First Responders

Regional Trainings for Post-Overdose Response Teams

Communities across the state are coming together to create an effective response to the significant increase in overdose deaths in recent years. Post-overdose response teams (PORTs; also called Quick Response Teams, Rapid Response, Community Response Teams, etc.) are an emerging strategy to meaningfully engage with people who have experienced overdose. These teams follow up with patients who have experienced an overdose within 72 hours. Teams seek to link the patient with appropriate care ranging from harm reduction services to treatment to recovery supports.

The NC Office of Emergency Medical Services in partnership with the NC Division of Public Health are hosting several regional trainings for post-overdose response team (PORT) development across the state. These PORT Trainings will equip participants to start or continue development of programs in partnership with first responders and harm reductionists. In addition to EMS-based partnerships, teams will learn to meaningfully engage with people with lived experience, people in recovery, and other harm reduction specialists when developing and operating PORTs.

All first responders and public safety professionals are highly encouraged to attend a training. These trainings are open to anyone who is interested in developing a post-overdose response team in their community.

Training Objectives

  • Take a critical look at our understanding of substance use disorders, addiction science, and people who use drugs (PWUD).
  • Gain an understanding of additional appropriate interventions, treatment, and linkage to care options for PWUD.
  • Examine what prevents people from seeking treatment.
  • Provide first responders and community partners with strategies aimed to identify resources in their community to support their team and how to make referrals to these agencies.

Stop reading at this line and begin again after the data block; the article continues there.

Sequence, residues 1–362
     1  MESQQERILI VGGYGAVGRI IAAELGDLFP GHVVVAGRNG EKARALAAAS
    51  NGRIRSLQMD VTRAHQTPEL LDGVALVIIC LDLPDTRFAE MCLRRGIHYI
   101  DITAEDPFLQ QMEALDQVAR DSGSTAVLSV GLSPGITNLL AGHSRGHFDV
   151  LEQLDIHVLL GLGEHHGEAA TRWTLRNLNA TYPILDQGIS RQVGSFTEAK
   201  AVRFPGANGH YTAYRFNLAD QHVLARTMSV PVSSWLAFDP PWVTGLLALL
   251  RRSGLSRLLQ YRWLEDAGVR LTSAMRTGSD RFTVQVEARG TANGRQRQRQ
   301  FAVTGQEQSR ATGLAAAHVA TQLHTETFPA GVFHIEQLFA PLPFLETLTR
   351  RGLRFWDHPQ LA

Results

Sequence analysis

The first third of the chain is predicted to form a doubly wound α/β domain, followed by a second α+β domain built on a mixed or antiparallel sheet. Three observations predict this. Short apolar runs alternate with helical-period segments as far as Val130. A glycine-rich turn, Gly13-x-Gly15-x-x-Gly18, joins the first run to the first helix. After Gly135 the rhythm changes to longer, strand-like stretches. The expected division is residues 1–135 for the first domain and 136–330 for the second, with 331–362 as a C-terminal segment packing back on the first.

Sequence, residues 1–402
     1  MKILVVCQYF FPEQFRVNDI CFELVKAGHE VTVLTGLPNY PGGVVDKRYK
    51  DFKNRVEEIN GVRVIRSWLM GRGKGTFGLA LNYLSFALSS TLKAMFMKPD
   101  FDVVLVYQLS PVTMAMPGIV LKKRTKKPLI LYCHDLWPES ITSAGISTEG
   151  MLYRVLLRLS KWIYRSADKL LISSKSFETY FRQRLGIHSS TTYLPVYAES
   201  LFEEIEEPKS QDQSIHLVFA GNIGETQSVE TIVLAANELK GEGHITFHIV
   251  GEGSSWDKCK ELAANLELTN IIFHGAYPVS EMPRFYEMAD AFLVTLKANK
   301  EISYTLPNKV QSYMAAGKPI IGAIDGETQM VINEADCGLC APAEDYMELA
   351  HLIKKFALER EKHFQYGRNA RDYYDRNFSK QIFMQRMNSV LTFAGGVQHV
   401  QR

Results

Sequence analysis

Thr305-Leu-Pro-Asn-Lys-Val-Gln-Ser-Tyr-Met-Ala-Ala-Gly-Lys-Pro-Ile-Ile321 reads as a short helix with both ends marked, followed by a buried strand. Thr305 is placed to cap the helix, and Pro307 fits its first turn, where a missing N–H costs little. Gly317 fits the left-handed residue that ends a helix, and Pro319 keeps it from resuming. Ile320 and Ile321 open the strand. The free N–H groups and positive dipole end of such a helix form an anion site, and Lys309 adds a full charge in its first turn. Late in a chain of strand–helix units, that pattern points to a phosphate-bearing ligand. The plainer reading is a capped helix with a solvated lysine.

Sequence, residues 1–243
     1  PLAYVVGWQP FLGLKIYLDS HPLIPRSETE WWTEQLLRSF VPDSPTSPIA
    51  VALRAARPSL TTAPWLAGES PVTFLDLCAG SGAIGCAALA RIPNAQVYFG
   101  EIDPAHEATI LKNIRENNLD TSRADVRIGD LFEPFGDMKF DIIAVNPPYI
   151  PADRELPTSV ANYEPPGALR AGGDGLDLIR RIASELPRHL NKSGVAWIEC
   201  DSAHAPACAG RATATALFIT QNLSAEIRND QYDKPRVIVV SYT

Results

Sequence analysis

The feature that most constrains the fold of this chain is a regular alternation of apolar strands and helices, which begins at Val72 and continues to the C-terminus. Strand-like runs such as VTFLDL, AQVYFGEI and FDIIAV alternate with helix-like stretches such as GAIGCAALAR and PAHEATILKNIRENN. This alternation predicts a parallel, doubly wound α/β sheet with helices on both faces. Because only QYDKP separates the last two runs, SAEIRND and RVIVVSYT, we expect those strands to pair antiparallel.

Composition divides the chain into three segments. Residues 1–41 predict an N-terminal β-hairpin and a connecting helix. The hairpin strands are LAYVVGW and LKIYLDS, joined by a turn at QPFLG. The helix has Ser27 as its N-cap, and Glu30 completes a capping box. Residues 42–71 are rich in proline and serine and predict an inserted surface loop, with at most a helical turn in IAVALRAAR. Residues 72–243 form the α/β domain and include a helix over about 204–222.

• Equip you to develop a post-overdose response team to serve as a strategic approach to address overdose within your community.

Approximately 8 regional trainings for PORT development will be conducted across the state starting on the eastern side and through the western side over January to July 2019. The training will be one full business day (8a-5p). We are unable to provide travel support for attendance. Each training will cover the same information.

Current trainings that are open for registration:

Post-Overdose Response Team Regional Training Option
Friday, June 21, 2019: 8:00am - 5:00pm

Southwestern Community College, Public Safety Training Center
225 Industrial Park Loop
Franklin NC 28734

  • No fee for public safety and first responder employees. Continuing education credits will be provided (6 CE hours from OEMS).
  • $70 Fee for all other attendees (local health departments, non-profits, community volunteers, peer supports, clinicians, etc). See registration page for payment details. Contact Todd Sumner if you need additional payment information.

Full schedule of anticipated trainings:

1. Ahoskie, Hertford County (Roanoke-Chowan Community College): Jan 25.
2. Kenansville, Duplin County (James Sprunt Community College): Feb 8.
3. Lillington, Harnett County (Central Carolina Community College-Harnett): March 1.
4. Concord, Cabarrus County (Cabarrus County Sheriff's Office): April 16.
5. Asheville, Buncombe County (A-B Technical Community College, Woodfin Campus): May 21.
6. Franklin, Macon County (Southwestern Community College, Public Safety Training Center): June 21.
7. Colfax, Guilford (Guilford Technical Community College): July 25 – Register here.
8. Wilkesboro, Wilkes County (Wilkes Community College): August 13 – Register here.
9. Hertford, Perquimans County: August 27 – Register here.

For questions regarding the post-overdose response team regional trainings contact:
McKenzie Beamer, NC OEMS, at or
Amy Patel, DPH,

Additional Resources

Fentanyl Information for First Responders
Map of NC Counties with Law Enforcement Carrying Naloxone
Map of NC Counties with EMS Naloxone Take Home Programs IDUs
Most recent data available on the NCDHHS DPH IVPB Poisoning Data webpage.